Robert Shane Ellis, 29, Alhambra, Calif.
B.A. in Asian humanities from University of California, Los Angeles. Wants to be a film director or actor. Recently enrolled in an M.F.A. program.
Student Loans: $10,000

Sarah Van Eck, 24, Hendricks, Minn.
B.A. in Biology from Northwestern College. Wants to be a social worker. Currently a dietary worker at a hospital.
Student Loans: $50,000.

14 Portraits Of College Grads Living At Home

"Yes, mom, I'll be home before midnight."

It used to be shameful to move back home after college--a sign of personal failure. Now, because of rising student debts and a sub-stellar economy, it’s a common reality.

That doesn't make it any less weird for a liberated young adult to move back home and experience the childhood delights of family dinners and curfews all over again. Photographer Damon Casarez captures this odd spectacle in Boomerang Kids, a photographic collection of college grads who moved home.

Casarez spent two months traveling to eight states and 16 cities to photograph his subjects. “This project started out of my own struggle to find work and support myself after graduating college with over $100,000 in student loans,” Casarez tells Co.Design. “I had a great start in school, I was working a lot as a photographer's assistant and shooting small editorial assignments. About a year and a half after graduating, work became extremely slow. I had drained all my resources, sold everything I could, and my last resort was to move back home with my parents, so I did.” Out of his personal plight, Casarez began to photograph friends who were in a similar situation. He sent the early shots to NYT Magazine, and his project was picked up as a feature.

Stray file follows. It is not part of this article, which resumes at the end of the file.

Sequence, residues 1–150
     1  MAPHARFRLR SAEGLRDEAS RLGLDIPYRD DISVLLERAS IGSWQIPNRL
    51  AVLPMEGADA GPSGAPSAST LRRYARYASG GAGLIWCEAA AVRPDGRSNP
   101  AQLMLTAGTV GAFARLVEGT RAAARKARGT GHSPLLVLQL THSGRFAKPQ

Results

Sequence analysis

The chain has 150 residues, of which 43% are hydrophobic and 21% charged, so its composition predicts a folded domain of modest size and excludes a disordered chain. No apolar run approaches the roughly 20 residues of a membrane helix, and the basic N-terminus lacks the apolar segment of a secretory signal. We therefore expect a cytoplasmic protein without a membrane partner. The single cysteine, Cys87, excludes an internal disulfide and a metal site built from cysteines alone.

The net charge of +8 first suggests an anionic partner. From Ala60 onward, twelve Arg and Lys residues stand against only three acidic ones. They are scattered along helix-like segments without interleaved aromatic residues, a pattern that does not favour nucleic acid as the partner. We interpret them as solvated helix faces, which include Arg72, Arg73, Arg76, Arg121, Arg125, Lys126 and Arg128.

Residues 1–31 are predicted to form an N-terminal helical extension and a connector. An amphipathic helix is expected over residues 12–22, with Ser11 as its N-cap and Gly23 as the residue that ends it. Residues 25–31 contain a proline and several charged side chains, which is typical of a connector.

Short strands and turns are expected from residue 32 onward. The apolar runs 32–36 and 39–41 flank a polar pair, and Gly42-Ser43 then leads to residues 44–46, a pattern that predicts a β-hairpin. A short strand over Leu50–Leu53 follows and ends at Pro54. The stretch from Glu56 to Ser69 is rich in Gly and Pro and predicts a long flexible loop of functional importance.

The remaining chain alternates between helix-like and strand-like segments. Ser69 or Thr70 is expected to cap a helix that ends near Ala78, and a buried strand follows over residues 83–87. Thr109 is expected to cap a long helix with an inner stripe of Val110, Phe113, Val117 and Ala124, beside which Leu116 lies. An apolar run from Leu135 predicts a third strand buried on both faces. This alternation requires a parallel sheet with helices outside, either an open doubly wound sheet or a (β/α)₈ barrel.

You’ll notice that Casarez didn’t shoot in the documentary style, watching his subjects like a fly on the wall. A portrait photographer by trade rather than a photojournalist, he carefully poses scenes following discussions with his subjects. This discussion is key to informing a scene that feels earnest, even if it’s technically invented. For instance, when photographing Mike Billings, a 29-year-old film studies graduate who worked part-time at a malt shop, Casarez was a bit stumped as to how he could flesh out the scene.